While French fueled the organization forward with projects aimed towards providing educational opportunities for women of all ages in the city, she also continued her teaching career with the special academy she had founded with her sisters. Among the most popular subject taught by Lizzie C. French at the school was public speaking, which French had learned well from her congressman father and had studied in her own educational career. Teaching it as a course, however, was difficult as there were practically no textbooks available. French wasn’t one to be discouraged and promptly wrote a book entitled: "A Manual of Elocution", which was published two years later in 1887 and served as the textbook for her classes on the subject.
In 1890, French and her sisters ended the school, which allowed her to devote herself full-time to working for women’s rights in Tennessee and, through the years that followed, earned a reputation as one of the state’s most outspoken people on the subject, especially in regards to working conditions being faced by women in the state’s growing industries. She earned a reputation as a writer with her letters to the editor and spoke in public wherever she got the opportunity to express her views on the rights of women in America.
Before the women’s suffrage movement started gaining steam in the late 20th century, French would often shock the crowds she spoke to with comments such as: "I wish I could stand here and say ‘Fellow Citizens,’ but since I am not accepted as a citizen by the government, I must say Citizens and Fellow Servants..." By 1895, the Knoxvillian was becoming a fixture in local and state government and earning recognition from other women activists across the nation, who admired her unwavering courage to break the stereotypes of women in America and voice her beliefs in public and print.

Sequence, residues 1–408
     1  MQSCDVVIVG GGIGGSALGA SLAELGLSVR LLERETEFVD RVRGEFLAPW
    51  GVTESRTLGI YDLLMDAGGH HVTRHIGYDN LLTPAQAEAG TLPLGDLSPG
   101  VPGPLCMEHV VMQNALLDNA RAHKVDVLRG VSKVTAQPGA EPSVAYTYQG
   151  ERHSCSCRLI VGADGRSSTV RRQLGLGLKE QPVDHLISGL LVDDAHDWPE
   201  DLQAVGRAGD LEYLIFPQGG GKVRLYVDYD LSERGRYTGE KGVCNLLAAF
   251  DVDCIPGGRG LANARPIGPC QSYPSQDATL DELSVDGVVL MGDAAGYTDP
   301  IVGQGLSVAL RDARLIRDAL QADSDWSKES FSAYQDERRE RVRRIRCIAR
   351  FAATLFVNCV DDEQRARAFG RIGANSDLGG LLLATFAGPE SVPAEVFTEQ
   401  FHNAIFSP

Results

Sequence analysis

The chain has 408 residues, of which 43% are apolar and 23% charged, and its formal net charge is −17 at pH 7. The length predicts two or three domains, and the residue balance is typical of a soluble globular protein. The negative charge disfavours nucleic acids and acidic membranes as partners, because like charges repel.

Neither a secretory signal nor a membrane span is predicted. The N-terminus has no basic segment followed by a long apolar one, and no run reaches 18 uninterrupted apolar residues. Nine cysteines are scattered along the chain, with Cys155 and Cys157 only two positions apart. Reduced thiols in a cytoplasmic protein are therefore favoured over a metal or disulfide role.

In 1896, French took another step forward when she founded the "Women’s Educational and Industrial Union" and used her position in the organization to become the first woman to address the Knoxville City Council appealing for the appointment of a Police Matron– a female police officer for women offenders who would assist in the care and treatment of the females arrested by police. She convinced the City Council of the need for one and filled the position herself for several months until the city could hire a permanent matron.
While that particular organization was eventually merged into other local charitable societies, French capitalized on her success with the Knoxville City Council to become the first woman to address the Tennessee General Assembly lobbying on behalf of efforts to establish a separate prison for women and children in the state of Tennessee. Her voice and those supporting her were heard and the state eventually saw to the establishment of both institutions.
Throughout her tireless crusade for women’s rights, Lizzie French continued her work with her first organization and the Ossoli Circle as it was known became regarded not only as one of the South’s most preeminent literary societies for women, but also for its expanding charitable and educational programs that reached from the valley to the mountains of East Tennessee providing assistance and care to those families that needed it.
Although becoming known throughout the South and the nation as a powerful public speaker, Lizzie French was a firm believer in the power of the citizens’ pen and that the written word carried more impact and a greater distance. In 1911, she organized the Writer’s Club in Knoxville to empower other women to express their beliefs and opinions through letter writing campaigns to editors and supporters. The organization eventually became the Knoxville branch of the League of American Penwomen.
The following year saw Lizzie French elected president of the Tennessee Suffrage Association, where she began her all-out fight to see that the Susan B. Anthony Amendment - now more than 30 years old and regarded as a dead piece of legislation in Congress - was added to the United States Constitution.